The fact that different interest groups—both within the federal government and outside it—are all attempting to exert influence on the platforms means that they aren't captured by a specific entity, in Zuckerberg's view. But for people who worry about the pressure on the companies in general, regardless of which direction it's coming from, Zuckerberg's comments were hardly encouraging.

Zuckerberg also accused the government health officials of losing the trust of the American people by prematurely shutting off debate on COVID-19 topics—an implicit suggestion that the CEO perhaps regrets some of his company's moderation decisions.

"Just take some of the stuff around COVID earlier in the pandemic where there were real health implications, but there hadn't been time to fully vet a bunch of the scientific assumptions," said Zuckerberg. "Unfortunately, I think a lot of the kind of establishment on that kind of waffled on a bunch of facts and asked for a bunch of things to be censored that, in retrospect, ended up being more debatable or true. That stuff is really tough, right? It really undermines trust."


Throughout the pandemic, CNN's on-air talent largely defended COVID-19 lockdowns as necessary for health and safety. But behind the scenes, a top executive at the network allegedly asked then-Gov. Andrew Cuomo to meet with an executive at CNN's parent company, Warner Bros. Discovery, about reopening movie theaters.

That's according to Semafor's Maxwell Tani, who reports that the legal dispute between CNN and former news anchor Chris Cuomo, the Democratic governor's brother, has produced revealing text messages. Editorially, CNN eagerly embraced the idea that opening up the economy was reckless in the face of COVID-19. But network executive Allison Gollust—herself involved in a secret romance with former CNN boss Jeff Zucker—sent the governor a message on September 22, 2020, asking him about movie theaters.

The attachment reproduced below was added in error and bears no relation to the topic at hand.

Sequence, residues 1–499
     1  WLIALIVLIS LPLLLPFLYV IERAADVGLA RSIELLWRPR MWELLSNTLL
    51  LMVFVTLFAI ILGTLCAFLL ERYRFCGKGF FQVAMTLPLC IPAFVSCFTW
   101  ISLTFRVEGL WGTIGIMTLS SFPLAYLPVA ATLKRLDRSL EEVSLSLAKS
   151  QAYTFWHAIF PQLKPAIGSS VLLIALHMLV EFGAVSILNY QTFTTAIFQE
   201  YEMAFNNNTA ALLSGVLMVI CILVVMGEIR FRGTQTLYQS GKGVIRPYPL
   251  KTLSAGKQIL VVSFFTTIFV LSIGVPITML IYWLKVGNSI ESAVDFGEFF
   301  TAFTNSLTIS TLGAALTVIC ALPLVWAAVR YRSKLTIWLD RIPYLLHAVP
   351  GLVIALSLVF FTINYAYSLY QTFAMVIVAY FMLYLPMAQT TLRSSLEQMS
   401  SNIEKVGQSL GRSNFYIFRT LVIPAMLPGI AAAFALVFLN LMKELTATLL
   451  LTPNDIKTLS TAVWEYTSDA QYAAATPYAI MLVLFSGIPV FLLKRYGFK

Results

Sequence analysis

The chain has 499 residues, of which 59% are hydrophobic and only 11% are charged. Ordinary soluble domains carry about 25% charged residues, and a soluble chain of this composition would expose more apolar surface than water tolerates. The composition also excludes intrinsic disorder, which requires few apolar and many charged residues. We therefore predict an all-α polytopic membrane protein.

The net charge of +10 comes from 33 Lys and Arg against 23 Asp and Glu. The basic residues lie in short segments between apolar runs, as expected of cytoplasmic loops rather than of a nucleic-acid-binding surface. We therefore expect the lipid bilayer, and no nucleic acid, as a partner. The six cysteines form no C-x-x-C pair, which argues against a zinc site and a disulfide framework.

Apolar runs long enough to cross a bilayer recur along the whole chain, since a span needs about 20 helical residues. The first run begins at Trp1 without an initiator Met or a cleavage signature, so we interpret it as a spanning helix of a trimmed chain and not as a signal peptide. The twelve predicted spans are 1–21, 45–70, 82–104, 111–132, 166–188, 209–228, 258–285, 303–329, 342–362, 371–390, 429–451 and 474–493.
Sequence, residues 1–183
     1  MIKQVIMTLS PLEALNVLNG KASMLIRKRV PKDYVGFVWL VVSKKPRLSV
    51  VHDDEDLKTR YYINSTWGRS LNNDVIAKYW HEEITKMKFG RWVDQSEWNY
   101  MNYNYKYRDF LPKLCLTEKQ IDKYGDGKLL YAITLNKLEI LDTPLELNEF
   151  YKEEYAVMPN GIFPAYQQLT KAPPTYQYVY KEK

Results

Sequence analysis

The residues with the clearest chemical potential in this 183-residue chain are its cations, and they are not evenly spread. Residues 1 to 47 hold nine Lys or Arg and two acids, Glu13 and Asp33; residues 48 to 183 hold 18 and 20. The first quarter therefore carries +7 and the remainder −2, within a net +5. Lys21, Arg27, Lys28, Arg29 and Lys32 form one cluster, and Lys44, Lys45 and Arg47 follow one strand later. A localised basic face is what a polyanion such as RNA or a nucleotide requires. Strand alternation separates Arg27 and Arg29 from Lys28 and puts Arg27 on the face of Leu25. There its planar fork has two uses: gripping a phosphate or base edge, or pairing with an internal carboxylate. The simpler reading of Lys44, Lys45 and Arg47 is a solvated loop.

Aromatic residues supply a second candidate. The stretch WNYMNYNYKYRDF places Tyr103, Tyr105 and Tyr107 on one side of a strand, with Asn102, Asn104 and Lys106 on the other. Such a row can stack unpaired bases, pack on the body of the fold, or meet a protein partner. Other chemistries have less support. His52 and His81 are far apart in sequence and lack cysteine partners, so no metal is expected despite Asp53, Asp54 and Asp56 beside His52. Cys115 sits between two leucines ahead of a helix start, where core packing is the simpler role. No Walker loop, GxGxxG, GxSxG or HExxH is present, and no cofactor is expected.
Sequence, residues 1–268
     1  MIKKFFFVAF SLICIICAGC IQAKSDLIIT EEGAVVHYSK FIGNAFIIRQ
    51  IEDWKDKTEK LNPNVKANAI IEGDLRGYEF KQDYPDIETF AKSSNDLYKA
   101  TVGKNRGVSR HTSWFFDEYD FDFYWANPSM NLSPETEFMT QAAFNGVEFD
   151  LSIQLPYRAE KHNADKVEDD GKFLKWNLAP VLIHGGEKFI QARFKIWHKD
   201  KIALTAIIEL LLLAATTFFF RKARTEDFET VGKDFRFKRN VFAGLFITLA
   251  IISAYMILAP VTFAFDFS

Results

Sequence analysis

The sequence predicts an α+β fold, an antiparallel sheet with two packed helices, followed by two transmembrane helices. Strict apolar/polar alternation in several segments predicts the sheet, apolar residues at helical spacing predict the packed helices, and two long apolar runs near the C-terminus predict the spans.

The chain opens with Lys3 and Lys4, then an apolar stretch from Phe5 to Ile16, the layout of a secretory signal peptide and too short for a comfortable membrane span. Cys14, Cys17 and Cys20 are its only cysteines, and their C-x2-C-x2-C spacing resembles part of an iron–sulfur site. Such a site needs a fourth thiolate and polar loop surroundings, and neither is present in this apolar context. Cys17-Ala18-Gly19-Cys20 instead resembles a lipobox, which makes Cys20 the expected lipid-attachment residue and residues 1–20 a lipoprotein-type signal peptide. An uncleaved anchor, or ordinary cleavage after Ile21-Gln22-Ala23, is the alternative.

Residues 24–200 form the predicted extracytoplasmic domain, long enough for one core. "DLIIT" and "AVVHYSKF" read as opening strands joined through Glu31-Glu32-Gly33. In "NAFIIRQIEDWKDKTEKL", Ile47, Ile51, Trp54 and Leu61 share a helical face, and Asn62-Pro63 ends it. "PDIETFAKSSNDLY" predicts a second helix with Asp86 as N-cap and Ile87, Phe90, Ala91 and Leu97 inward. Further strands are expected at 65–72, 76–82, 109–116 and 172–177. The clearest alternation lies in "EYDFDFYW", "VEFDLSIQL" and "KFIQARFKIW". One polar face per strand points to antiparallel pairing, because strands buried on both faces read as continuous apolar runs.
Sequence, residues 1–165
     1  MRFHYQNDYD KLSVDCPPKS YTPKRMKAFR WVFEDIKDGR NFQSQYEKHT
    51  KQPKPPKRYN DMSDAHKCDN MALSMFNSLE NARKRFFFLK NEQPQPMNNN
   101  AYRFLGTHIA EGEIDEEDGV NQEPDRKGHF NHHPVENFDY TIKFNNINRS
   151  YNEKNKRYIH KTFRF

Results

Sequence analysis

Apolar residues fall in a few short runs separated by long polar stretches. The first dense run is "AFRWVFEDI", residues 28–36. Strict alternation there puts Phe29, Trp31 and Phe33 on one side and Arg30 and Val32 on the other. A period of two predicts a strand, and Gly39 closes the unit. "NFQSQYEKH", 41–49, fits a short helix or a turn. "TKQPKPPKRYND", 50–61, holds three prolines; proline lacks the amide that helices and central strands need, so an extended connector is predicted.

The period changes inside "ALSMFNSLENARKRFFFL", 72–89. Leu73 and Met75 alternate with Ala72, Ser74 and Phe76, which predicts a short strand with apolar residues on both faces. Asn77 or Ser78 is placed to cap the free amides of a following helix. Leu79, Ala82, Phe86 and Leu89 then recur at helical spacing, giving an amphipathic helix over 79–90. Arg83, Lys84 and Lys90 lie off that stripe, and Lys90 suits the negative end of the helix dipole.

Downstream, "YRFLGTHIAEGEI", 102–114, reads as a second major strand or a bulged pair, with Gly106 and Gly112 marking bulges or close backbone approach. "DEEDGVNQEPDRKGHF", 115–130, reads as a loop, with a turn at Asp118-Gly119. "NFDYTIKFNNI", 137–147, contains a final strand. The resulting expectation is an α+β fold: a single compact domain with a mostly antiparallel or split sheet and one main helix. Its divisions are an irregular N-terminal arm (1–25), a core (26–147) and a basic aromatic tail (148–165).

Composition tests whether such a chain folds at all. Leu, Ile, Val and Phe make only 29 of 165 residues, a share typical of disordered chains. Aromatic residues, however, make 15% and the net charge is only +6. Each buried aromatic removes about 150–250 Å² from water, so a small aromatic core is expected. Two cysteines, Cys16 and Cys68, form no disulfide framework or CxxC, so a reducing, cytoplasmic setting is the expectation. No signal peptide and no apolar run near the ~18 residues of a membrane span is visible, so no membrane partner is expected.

At the time, WarnerMedia was hoping for a big hit with the Christopher Nolan film, Tenet. Tani writes:

The September 22, 2020 texts are between Governor Cuomo and CNN's then-chief marketing officer, Allison Gollust. She had left his office years earlier for CNN but kept in frequent touch, helping to arrange appearances on CNN shows and smoothing over bumps when the governor was double-booked on other networks.

But while Gollust was assisting the network's programming side, that day she crossed over into advocating for the business interests of CNN's parent company, texting a request that the governor speak to WarnerMedia's studio chief, Ann Sarnoff.

"She's bummed you don't open theaters in NY, but perhaps you can hear her out," Gollust said in the message, which was read to Semafor by a person with firsthand access to the exchange.

The next day, Cuomo heeded Gollust's request and called Sarnoff, who lobbied the governor to loosen restrictions on movie theaters, according to a person familiar with the exchange.

Chris Cuomo has filed a wrongful termination lawsuit against CNN for $125 million.


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  • In National Review, Ajit Pai looks back at the end of net neutrality and notes that the internet is still here.